7/17/2012 7 Comments
For several years now I have been listening to comments such as “I am not being political”. Even when attending so-called treaty gatherings they say “I am here for the culture not the politics”. They continue, “Supporting the AOO (Algonquins of Ontario) political agenda is not my intent”. I have always found these statements peculiar and as such have thought a lot about them.
In the western world it was Sigmund Freud (1856-1939) who first offered that human consciousness, and thus our thoughts, represents only the tip of the iceberg of who we are as human beings. Like all icebergs, most of who we are resides beneath the surface, meaning our subconscious self is so much larger than what we think.
While in the western world it may have been Freud who developed this understanding and model of who humans are, the Anishinaabeg have always known that knowledge runs much deeper than simply what our conscious minds and thoughts have to offer. Rather, the Anishinaabeg know that knowledge is a mind and body entity that is best not delineated by adults into its smaller parts. Further, knowledge as both mind and body is precisely what is meant by the statement that knowledge is wholistic.
Having said this, and while wholism is the ideal state of adult being, the Anishinaabeg are also of the perspective that knowledge located in practice, and thus embodied, is a powerful way of shaping who we are. Knowledge embodied through practice includes processes such as ritual, prayer, dance, feasting, and song. It is precisely for this reason that extended family members work hard to teach children their clan responsibilities and associated practices, their clan dances, and their clan songs long before they have a conscious understanding of who they are. After this socialization process as children age they more easily walk into understanding consciously who they wholistically are: mind and body. Practices become who a person is, and they serve to provide a strong foundation of identity that they can then rely on in times of need such as joy and grief. Once a person knows who they are in a wholistic embodied sense, they are then destined to mino-pimadiziwin (the good life).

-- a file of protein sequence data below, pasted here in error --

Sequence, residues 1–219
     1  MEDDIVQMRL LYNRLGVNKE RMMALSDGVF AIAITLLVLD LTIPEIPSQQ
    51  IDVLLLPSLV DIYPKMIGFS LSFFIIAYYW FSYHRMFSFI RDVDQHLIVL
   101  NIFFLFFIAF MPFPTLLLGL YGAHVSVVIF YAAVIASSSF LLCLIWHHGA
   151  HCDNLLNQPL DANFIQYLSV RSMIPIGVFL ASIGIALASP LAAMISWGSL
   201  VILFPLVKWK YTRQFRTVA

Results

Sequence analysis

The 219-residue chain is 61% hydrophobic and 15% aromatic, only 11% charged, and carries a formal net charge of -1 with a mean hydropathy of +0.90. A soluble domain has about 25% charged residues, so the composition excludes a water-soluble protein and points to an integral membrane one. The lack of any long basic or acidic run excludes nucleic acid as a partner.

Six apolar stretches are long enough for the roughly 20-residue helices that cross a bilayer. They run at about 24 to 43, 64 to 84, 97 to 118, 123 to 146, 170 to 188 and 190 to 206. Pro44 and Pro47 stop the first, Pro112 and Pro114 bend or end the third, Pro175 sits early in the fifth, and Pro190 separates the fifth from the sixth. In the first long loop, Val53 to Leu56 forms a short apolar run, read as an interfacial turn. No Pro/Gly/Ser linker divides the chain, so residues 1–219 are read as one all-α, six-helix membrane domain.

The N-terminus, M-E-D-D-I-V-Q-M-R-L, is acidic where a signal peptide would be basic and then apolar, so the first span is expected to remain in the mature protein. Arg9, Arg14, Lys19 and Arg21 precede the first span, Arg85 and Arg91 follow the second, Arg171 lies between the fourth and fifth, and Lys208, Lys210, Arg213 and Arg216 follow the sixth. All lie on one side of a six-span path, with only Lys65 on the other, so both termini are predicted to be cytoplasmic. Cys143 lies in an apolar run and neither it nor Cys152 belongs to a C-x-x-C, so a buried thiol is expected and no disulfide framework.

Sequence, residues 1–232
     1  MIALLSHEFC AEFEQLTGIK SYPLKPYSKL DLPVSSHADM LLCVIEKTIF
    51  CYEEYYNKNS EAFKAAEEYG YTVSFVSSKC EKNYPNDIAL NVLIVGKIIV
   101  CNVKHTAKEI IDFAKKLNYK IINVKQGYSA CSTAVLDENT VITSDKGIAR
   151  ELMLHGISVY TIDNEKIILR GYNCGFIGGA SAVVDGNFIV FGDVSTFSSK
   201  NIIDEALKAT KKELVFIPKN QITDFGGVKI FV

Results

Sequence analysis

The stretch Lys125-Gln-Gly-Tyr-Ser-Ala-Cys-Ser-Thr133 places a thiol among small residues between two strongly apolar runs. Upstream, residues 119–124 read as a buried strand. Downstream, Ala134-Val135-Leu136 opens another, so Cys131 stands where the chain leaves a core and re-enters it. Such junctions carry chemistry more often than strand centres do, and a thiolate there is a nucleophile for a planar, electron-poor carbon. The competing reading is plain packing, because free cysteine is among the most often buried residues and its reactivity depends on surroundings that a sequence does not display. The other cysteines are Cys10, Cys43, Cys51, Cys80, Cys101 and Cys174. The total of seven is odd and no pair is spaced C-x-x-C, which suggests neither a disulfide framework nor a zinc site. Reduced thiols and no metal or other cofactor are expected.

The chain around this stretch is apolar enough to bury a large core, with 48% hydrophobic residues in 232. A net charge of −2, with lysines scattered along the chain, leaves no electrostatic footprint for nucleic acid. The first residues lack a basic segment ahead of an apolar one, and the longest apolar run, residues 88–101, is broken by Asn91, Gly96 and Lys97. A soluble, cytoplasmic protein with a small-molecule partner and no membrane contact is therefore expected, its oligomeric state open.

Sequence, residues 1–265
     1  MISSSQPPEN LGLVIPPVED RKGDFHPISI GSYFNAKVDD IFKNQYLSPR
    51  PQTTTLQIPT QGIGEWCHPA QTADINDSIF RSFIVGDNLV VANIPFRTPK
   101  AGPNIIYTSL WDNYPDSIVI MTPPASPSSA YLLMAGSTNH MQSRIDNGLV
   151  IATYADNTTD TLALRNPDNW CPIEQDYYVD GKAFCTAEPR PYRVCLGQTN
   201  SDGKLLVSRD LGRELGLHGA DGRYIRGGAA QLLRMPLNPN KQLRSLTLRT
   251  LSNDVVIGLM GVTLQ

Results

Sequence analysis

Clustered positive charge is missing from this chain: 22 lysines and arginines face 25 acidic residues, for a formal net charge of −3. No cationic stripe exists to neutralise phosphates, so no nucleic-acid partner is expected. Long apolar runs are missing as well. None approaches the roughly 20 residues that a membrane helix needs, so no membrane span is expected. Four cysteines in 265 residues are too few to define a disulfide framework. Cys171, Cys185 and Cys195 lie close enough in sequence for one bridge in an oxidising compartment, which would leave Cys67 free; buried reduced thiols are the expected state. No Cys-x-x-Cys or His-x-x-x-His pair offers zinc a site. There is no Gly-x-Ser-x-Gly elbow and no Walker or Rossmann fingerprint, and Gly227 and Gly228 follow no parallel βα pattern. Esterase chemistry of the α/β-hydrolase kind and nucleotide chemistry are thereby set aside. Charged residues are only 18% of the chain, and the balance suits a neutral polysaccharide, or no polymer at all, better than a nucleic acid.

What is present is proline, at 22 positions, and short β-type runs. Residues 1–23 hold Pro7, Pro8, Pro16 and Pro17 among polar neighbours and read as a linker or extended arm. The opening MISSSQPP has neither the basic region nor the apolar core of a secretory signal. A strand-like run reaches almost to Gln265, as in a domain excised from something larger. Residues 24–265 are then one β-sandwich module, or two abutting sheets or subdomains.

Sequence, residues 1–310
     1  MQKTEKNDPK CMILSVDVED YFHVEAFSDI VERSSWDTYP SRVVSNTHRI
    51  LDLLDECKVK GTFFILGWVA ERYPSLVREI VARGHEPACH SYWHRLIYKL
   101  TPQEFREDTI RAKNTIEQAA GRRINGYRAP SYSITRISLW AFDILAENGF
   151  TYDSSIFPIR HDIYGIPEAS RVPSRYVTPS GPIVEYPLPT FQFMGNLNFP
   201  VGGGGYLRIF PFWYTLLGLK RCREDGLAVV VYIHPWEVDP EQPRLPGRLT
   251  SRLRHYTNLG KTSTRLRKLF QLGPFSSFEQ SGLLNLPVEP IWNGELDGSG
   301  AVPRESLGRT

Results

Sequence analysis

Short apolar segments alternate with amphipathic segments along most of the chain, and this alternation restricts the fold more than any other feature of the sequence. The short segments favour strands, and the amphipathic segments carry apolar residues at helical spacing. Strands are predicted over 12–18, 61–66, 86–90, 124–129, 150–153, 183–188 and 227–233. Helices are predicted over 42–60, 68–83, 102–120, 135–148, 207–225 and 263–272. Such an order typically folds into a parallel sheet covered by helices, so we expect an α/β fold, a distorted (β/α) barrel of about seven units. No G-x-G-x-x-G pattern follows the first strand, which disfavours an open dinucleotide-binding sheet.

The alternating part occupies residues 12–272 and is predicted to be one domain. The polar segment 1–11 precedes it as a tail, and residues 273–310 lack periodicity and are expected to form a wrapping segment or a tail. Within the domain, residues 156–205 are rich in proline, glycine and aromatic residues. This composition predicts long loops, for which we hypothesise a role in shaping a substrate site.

Beginning in the late eighteen hundreds, it is precisely this powerful way of wholistic knowing that the Canadian government criminalized. They knew how powerful our practices are and thus wanted to eliminate them so that the state could then better assimilate Indigenous people into the Canadian mosaic and take our land and resources.
What Anishinaabeg do in practice is who they are. When Algonquin Anishinaabeg argue, “I was not at that event in a political capacity, nor do I support the agenda”, regardless of their thoughts and intent, through practice they are supporting the agenda. Again, if you are participating in political events taking out your drum and pipe you are indeed supporting the political agenda.
While I value that you may be needful to be around fellow Algonquin Anishinaabeg, and needful to engage in ceremony and all the practices inherent, if you do not support the AOO political agenda, you really need to find a better venue than one that is intended to deny us our land, resources, and right to mino-pimadiziwin.
Knowledge as practice is Anishinaabeg law.
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